Winter in Western Montana’s Glacier Country is an extraordinary time in a very special place. Like many areas throughout the great Rocky Mountains, we are surrounded by public lands that are abundant in recreational opportunities. In Montana, we have something no one else has–Glacier National Park. Contrary to popular belief, Montana’s Glacier National Park is open year-round and is one of my favorite places to visit and recreate during the winter.

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Fun winter day in Glacier National Park.

With fewer visitors to Glacier National Park in the winter, the pace slows down but the spectacular beauty continues to awe and inspire.

Winter views at Lake McDonald.
Winter views at Lake McDonald.
Beautiful no matter how you see it.
Beautiful no matter how you see it.

The most popular cold weather activities are cross-country skiing and snowshoeing. During January, February and March, the National Park Service offers ranger-led guided snowshoe walks where rangers are able to share some of the wonders of winter in Glacier National Park with participants. Wildlife viewing, nature photography, walking and camping are all things visitors can do on a brisk clear blue sky day.

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Camping at Apgar Campground.

Visiting Glacier National Park:

  • Always check with park headquarters to find out if there are any special events, necessary permits, closures or advisories
  • Remind clientele to be aware of their surroundings and follow safety practices for wildlife, weather and terrain

What to wear? The best clothing advice for recreating in Montana is to wear layers of breathable, moisture-resistant clothing that can be added or removed as the weather changes. Top off the layers with a winter coat, snow pants, hat, gloves and warm boots.

Proper clothing choices make all weather conditions enjoyable.
Proper clothing choices make all weather conditions enjoyable.

Where to stay, eat and drink? Winter is a quiet season in and around the immediate vicinity of Glacier National Park. The quaint cozy accommodations and eateries along U.S. Highway 2 will keep your clients warm and happy with friendly locals eager to help.

The community of East Glacier Park is located along the eastern edge of Glacier National Park and offers a laid back opportunity to live like a local.



The western and southern communities are Columbia Falls, Coram, Essex, Hungry Horse, Martin City and West Glacier.


Lodging near Glacier National Park:

  • Izaak Walton Inn, Essex: The Izaak Walton has a variety of lodging accommodations, including inn rooms, train cabooses and cabins. The cabooses have bathrooms (including showers), kitchens and decks that provide views of the surrounding forest and mountain peaks.
  • Meadow Lake Resort, Columbia Falls: Full-service year-round lodging including inn rooms, condominiums, vacation homes, evening dining and relaxing spa services. Their on-site outdoor hot tub also provides stunning views of Montana’s star-filled night sky.
  • North Forty Resort, Columbia Falls: This 40-acre family owned resort offers log cabins with handcrafted log furnishings, gas fireplaces and full kitchens.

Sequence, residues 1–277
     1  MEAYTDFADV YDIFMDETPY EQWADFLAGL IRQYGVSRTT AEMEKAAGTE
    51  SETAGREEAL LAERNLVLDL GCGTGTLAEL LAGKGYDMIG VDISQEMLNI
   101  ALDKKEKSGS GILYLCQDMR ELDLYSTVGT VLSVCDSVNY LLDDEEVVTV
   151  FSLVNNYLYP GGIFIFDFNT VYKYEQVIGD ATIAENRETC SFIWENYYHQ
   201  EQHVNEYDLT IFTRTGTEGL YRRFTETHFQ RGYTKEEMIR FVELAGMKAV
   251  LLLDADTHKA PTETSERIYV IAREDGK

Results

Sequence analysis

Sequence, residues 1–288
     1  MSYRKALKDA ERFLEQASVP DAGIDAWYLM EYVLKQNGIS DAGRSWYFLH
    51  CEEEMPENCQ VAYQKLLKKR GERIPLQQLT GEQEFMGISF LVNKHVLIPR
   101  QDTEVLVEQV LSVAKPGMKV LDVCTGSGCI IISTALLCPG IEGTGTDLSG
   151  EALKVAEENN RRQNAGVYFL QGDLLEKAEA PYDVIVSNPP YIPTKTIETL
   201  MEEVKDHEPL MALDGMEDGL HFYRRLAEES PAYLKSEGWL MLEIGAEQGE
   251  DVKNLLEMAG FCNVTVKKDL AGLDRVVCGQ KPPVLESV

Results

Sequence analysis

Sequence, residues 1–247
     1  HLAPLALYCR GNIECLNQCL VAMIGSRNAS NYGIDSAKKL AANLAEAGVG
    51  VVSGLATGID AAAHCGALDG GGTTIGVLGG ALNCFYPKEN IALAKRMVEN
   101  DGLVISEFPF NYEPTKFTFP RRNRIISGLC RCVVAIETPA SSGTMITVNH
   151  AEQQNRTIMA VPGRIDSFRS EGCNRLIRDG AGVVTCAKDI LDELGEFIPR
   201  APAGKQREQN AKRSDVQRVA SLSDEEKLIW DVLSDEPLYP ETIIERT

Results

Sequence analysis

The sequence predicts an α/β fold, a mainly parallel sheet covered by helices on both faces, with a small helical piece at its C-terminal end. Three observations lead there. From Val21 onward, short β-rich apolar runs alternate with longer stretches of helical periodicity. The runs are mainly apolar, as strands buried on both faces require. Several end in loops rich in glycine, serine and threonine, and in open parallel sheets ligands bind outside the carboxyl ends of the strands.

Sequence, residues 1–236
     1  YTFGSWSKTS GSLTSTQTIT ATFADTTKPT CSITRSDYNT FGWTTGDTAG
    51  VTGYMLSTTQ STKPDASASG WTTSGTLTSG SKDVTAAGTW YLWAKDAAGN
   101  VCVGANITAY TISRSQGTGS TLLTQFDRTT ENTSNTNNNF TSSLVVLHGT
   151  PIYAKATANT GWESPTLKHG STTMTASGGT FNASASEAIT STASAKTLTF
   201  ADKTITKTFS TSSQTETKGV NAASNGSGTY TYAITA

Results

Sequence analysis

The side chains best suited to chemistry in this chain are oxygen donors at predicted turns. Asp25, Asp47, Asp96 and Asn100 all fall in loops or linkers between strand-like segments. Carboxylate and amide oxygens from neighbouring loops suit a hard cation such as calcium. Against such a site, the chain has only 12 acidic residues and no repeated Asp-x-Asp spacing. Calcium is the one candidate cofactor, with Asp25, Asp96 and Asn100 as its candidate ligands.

• Reclusive Moose Cabins, Columbia Falls: These cozy cabins share a community fire pit area in the evening where on a clear night, the big Montana sky is perfect for stargazing at its best.
  • Abbot Valley Homestead, Martin City: A unique and quaint lodging option, these renovated Abbott Valley homestead cabins are located across the working family farm.
  • Historic Tamarack Lodge, West Glacier: The lodge, originally built in 1907 and updated in 2003, maintains the original oversized natural stone fireplace and lodge pole pine architecture, providing a warm and cozy place to spend a cold winter evening.

Dining and libations:

Guide services:

  • Glacier Adventure Guides, Columbia Falls: These experienced guides offer short and multi-day backcountry skiing, cross-country and snowshoe services.
  • Izaak Walton Inn, Essex: The inn offers cross-country ski and snowshoe rentals for their 33 kilometers of groomed cross-country and skate skiing trails. In addition, they provide guide services for novice and advanced recreationists with tours that go into Glacier National Park.

If your clients are willing to stay a little further away from the park, the village of Bigfork, city of Kalispell and resort town of Whitefish are great options and are all within 30 to 45 minutes of Glacier National Park’s west entrance.

What to drive? Winter means snowy roads so be sure to suggest all-wheel or four-wheel drive transportation in the form of a medium to large size SUV/crossover vehicle. Rental car companies can be found at the Glacier Park International Airport, Whitefish and Kalispell, with each company carrying a wide variety of vehicles.

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SUVs are my favorite form of transportation year-round.

Insider tips:

  • Be sure to add Apgar Campground to the itinerary. This is the largest campground in the park and is open year-round. It also has a public dock that provides unbelievable views of Lake McDonald and the mountain peaks of Garden Wall, Mount Cannon and Mount Brown.
  • The variety of accommodations include rustic lodges and cabins, vacation homes, Swiss-style chalets and renovated railroad cars.
  •  Affordability of winter accommodations in the canyon corridor is very reasonable and some have outdoor recreational equipment for guests to rent. These services are often bundled together in vacation deals with other services like meals and spa treatments.

Welcome to our winter wonderland,


November 9, 2015

Related: FIT, Glacier National Park, Outdoor Adventure, Tour Operator, Winter


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